Why put up more than 1,000 towers to spread cell phone service across North Dakota when a few balloons would do it?
So says former North Dakota Gov. Ed Schafer, one of the backers of a plan to attach wireless repeaters to weather balloons high above the state to fill gaps in cellular coverage.
"I know it sounds crazy," Schafer said. "But it works in the lab."
Extend America, a North Dakota wireless telecommunications company, and Chandler, Ariz.-based Space Data Corp. are developing the balloon-borne cellular technology, believed to be the first of its kind.
A trial balloon will be launched next month in North Dakota to test the theory, said Schafer, the chief executive officer of Bismarck-based Extend America. Schafer left office in 2000 after eight years as governor.
If successful, the balloons could be drifting across the stratosphere above North Dakota this summer, providing cellular coverage around the state.
Schafer said the cost of the balloons is a fraction of the cost to build cellular towers in remote areas.
Jerry Knoblach, the CEO of Space Data, said although the balloon technology called SkySite is new to cellular, "the platform is very well proven."
His company has launched thousands of the free-floating balloons in Texas, Oklahoma, Louisiana, Arkansas and New Mexico to track data for oil company vehicles, wells and pipelines over the past year, he said. And Knoblach is certain the balloons will work for cellular service in North Dakota — even in cold or stormy weather. He said balloons were launched even during Hurricane Katrina.
"It's just like a weather balloon at the airport," Schafer said. "There's enough hydrogen in them to rise very rapidly."
Up to 20 miles above the earth, stratospheric winds would push the latex weather balloons across the state at about 30 mph. Each balloon would deliver voice and data service to an area hundreds of miles in diameter, Schafer said.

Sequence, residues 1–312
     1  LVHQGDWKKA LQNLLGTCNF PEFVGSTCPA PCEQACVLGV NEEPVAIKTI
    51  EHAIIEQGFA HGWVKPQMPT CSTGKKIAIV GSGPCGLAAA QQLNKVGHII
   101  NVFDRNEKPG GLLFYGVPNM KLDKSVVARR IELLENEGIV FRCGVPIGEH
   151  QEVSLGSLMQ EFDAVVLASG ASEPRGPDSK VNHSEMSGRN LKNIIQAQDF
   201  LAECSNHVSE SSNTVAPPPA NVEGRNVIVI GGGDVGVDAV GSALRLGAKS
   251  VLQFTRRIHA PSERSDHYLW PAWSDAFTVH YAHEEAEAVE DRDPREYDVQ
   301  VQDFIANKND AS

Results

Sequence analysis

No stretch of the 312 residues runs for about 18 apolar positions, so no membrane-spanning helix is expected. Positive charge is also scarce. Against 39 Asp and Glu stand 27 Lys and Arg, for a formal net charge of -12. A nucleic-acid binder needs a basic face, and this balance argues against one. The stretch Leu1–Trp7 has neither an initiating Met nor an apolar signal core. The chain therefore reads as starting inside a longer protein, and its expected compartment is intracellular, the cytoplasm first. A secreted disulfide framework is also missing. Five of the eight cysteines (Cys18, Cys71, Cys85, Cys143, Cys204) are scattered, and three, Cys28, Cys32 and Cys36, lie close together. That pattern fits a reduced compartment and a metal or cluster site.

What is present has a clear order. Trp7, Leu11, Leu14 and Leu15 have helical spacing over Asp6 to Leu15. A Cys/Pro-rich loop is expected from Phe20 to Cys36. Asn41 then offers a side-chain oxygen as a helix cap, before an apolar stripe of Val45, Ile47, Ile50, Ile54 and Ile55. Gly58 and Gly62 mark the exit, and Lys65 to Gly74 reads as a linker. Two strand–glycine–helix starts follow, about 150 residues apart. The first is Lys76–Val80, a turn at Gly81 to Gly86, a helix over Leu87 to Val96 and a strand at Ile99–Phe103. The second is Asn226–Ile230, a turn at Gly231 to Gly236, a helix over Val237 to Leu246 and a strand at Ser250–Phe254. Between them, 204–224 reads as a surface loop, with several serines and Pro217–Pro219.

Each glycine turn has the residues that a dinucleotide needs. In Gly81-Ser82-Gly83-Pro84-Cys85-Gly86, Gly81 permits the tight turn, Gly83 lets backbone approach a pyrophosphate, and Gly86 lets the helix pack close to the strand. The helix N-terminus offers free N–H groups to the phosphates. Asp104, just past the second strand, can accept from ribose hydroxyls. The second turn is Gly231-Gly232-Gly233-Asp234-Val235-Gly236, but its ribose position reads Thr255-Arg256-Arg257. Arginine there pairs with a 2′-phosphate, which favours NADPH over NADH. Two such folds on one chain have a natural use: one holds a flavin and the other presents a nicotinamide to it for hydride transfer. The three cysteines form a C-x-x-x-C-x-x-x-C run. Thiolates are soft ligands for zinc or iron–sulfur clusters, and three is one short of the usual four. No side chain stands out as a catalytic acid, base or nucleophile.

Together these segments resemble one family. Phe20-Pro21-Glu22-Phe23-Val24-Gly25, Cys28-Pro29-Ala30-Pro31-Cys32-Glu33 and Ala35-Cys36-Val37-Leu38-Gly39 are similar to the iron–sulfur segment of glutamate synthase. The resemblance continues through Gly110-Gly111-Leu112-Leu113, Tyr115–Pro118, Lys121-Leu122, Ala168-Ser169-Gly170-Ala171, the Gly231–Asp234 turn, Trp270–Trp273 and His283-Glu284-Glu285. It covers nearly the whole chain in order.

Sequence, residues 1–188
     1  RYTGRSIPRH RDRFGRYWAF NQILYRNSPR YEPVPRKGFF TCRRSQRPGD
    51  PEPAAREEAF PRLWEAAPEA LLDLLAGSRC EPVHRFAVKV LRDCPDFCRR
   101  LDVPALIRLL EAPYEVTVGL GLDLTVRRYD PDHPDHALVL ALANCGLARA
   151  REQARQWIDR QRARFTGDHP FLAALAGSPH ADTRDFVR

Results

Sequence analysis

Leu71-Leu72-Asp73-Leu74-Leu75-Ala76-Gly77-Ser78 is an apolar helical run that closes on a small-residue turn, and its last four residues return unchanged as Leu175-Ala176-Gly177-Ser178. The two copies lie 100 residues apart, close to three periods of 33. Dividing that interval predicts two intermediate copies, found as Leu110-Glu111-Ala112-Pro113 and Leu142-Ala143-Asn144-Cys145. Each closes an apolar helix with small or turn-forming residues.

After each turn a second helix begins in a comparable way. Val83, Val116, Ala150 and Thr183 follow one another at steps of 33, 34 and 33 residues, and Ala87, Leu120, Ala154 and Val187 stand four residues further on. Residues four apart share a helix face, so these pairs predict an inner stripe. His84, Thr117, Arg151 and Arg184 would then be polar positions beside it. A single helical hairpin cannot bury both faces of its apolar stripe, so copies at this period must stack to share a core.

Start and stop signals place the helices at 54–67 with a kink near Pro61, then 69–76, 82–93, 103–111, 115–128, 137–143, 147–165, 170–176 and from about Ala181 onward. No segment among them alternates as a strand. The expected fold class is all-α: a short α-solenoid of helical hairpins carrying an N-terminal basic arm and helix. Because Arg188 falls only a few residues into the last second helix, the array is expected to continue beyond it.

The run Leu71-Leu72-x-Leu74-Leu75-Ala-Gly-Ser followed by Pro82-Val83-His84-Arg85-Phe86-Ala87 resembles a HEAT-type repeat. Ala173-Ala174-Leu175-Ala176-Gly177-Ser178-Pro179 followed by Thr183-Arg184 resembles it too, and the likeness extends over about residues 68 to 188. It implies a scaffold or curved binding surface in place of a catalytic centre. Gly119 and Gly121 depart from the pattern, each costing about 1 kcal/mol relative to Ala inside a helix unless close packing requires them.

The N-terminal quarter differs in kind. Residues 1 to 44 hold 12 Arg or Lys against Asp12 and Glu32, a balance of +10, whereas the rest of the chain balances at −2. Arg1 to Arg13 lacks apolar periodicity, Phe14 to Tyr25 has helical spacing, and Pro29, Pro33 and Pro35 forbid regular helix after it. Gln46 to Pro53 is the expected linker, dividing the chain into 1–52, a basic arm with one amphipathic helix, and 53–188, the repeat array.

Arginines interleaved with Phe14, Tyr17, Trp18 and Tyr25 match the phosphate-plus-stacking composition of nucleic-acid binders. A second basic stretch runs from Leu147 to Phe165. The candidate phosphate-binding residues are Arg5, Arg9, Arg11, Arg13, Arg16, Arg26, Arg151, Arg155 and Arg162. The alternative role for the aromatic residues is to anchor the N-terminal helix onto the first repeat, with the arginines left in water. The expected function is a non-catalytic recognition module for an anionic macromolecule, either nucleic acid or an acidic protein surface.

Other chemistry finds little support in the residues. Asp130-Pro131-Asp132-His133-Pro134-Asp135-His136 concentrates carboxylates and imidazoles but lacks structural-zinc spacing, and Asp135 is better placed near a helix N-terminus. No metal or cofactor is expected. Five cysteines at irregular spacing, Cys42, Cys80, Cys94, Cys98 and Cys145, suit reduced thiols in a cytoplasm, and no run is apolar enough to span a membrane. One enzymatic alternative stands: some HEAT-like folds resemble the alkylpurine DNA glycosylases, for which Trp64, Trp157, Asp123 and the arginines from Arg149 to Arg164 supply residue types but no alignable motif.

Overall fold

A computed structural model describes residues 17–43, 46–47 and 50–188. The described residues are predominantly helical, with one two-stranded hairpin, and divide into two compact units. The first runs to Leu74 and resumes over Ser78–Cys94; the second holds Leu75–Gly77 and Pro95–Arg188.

"Nine balloons would always be in the air, with some going up, some going down, and some in the middle," Schafer said.
Once the balloons transit the state's stratosphere, the electronic gear would be jettisoned remotely and fall to the earth with a parachute.
The electronic equipment, about the size of a toaster, would be recovered through the use of a global positioning satellite device.
"We'd pay some guy a bounty, put in a new battery pack and send it off again," Knoblach said.
Schafer said a repeater could be used indefinitely "unless it lands in a lake or gets run over by a truck."
Cheaper than building cell towers
The state of North Dakota is an "interested observer" in the technology, said Jerry Fossum, the telecommunications director for the state Information Technology Department.
"It's interesting technology that, at first blush, sounds really crazy," Fossum said. "It's certainly a possible solution to some of our demographic problems of a lot of space and not a lot of people. I hope it works."
Knoblach said the hydrogen-filled balloons cost about $55 each. The balloons swell from six feet in diameter to 30 feet after they gain altitude. After the electronic equipment is released, the balloons expand with the drop in air pressure until they burst.
Winds at high altitudes are consistent, blowing west to east in the winter, and east to west in the summer, Knoblach said. The balloons would travel above the jet stream, and he said they would not be bothered by storms.
Schafer said it costs about $250,000 to build one cellular tower in North Dakota, and many remote areas don't have enough customers to pay for it.
"To cover every square mile of North Dakota, it would take 1,100 cell towers," Schafer said. "We can do the whole state with three balloons — and it won't have problems with that line-of-sight stuff," he said, referring to hills that can block signals from towers.
Schafer thinks the entire idea is a "pretty cool" and affordable option for remote areas that might not otherwise have cellular coverage.
The system is not designed to compete with existing tower-based networks. Knoblach said the service would be sold wholesale to existing telecommunications companies. He and Schafer said users likely would see a minimal charge, if any.
Knoblach said the military is eyeing the system for use in Iraq. He said Space Data wants to establish similar systems across the United States by 2008. The startup company has been doing it for 15 months, and the North Dakota balloons would "the next level," he said.
"The nice thing is that we don't have to weld a bunch of steel together to build a tower," Schafer said. "We just let these babies go."